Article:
The USMLE First Aid review book is the holy grail. It's just SO good. But it's by no means a comprehensive book. It's a review book with high yield bullets. And that's how it should be used. There's plenty of space you can use in the book to annotate with extra details you pick up from your lectures, uWorld, or Rapid Review of Pathology, etc.
If you purchase the uWorld Q bank for 180 days or more you have 1 reset for all of your questions (I recommend buying it for a year so you can use it all year). You should go through the questions at least 2, maybe 3 times if you're dedicated. These questions are a great way to get familiar with the way the USMLE is structured and how they like to ask questions. The answer explanation should be used to annotate your USMLE First Aid book to make it a bit more complete.
Dr. Goljian's Rapid Review of Pathology is A LOT of text. It's a bit dry but it's GREAT. It has a lot of extra details you may not find in First Aid or uWorld. This is not a book you should try to memorize from cover to cover but rather use to pick up a few extra details here and there to help you tackle some extra questions.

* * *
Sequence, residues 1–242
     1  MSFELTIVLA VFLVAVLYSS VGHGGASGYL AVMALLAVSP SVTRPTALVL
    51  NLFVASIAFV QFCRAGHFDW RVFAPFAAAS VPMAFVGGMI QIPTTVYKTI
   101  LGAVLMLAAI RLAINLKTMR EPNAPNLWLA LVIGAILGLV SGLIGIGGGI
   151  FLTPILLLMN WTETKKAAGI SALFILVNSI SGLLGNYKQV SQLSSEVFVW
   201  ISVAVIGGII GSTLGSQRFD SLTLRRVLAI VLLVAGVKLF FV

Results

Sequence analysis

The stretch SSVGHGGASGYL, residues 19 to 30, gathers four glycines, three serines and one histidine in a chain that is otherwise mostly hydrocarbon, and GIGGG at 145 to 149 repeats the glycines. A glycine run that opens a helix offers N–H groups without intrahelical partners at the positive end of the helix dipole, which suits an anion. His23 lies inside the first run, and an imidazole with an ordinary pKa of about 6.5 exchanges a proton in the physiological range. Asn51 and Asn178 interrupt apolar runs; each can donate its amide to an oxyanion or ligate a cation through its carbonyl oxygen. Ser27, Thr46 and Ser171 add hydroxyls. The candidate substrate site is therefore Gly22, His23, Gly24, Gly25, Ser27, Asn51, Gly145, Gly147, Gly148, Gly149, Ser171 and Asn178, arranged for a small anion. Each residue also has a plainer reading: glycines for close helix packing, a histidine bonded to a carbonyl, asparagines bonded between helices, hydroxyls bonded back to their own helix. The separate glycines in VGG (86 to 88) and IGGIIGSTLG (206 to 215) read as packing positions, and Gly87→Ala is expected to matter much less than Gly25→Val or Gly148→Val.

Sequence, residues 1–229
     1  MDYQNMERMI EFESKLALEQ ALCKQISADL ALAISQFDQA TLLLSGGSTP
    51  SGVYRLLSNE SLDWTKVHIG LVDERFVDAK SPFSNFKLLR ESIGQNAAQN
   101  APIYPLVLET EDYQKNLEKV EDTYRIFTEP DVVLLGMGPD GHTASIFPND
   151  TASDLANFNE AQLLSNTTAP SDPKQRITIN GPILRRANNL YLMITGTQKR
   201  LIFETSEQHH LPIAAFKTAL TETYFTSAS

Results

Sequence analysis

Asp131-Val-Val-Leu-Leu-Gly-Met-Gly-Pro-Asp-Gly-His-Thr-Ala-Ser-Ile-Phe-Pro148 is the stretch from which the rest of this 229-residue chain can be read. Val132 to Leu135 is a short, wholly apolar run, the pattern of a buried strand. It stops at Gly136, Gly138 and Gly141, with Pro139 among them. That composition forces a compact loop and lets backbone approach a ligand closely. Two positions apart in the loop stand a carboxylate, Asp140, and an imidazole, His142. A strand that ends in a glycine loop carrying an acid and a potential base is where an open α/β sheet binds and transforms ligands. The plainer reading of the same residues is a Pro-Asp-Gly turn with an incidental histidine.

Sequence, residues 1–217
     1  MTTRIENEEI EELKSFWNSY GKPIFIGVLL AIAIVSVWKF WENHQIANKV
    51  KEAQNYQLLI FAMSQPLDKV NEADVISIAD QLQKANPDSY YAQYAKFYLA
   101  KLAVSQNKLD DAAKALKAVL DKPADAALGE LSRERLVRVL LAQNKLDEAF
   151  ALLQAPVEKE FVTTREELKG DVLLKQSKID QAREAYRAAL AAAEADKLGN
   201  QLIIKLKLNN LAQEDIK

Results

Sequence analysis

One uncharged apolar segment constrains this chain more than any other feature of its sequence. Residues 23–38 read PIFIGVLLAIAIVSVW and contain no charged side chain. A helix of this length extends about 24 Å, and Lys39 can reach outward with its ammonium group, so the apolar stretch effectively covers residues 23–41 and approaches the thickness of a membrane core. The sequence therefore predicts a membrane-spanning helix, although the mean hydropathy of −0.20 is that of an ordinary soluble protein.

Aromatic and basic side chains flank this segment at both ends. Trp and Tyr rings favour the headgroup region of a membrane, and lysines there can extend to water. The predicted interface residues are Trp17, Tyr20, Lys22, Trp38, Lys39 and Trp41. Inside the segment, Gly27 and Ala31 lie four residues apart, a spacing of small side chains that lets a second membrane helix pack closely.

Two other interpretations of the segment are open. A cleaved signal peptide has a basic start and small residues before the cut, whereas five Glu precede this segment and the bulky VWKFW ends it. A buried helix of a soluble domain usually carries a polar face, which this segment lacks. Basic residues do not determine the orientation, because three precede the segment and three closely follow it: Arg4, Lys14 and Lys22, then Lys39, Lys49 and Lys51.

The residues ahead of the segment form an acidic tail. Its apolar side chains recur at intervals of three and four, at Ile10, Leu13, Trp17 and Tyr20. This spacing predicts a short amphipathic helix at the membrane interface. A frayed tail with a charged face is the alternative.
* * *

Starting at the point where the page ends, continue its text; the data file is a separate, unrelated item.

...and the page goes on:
Pathoma should be used alongside your lectures to help you understand pathology. It can then be used during your study period before your boards just for a quick review. Dr. Sattar has a magical way of making pathology simple. It's not something you should dwell on or spend tons of time rereading because it's a bit too basic. But it's an excellent way to review pathology without becoming overwhelmed.
Hope you found this helpful! I've linked all of the resources above. I cover this and more in my YouTube video so much sure you watch it below (and subscribe to my YouTube Channel)!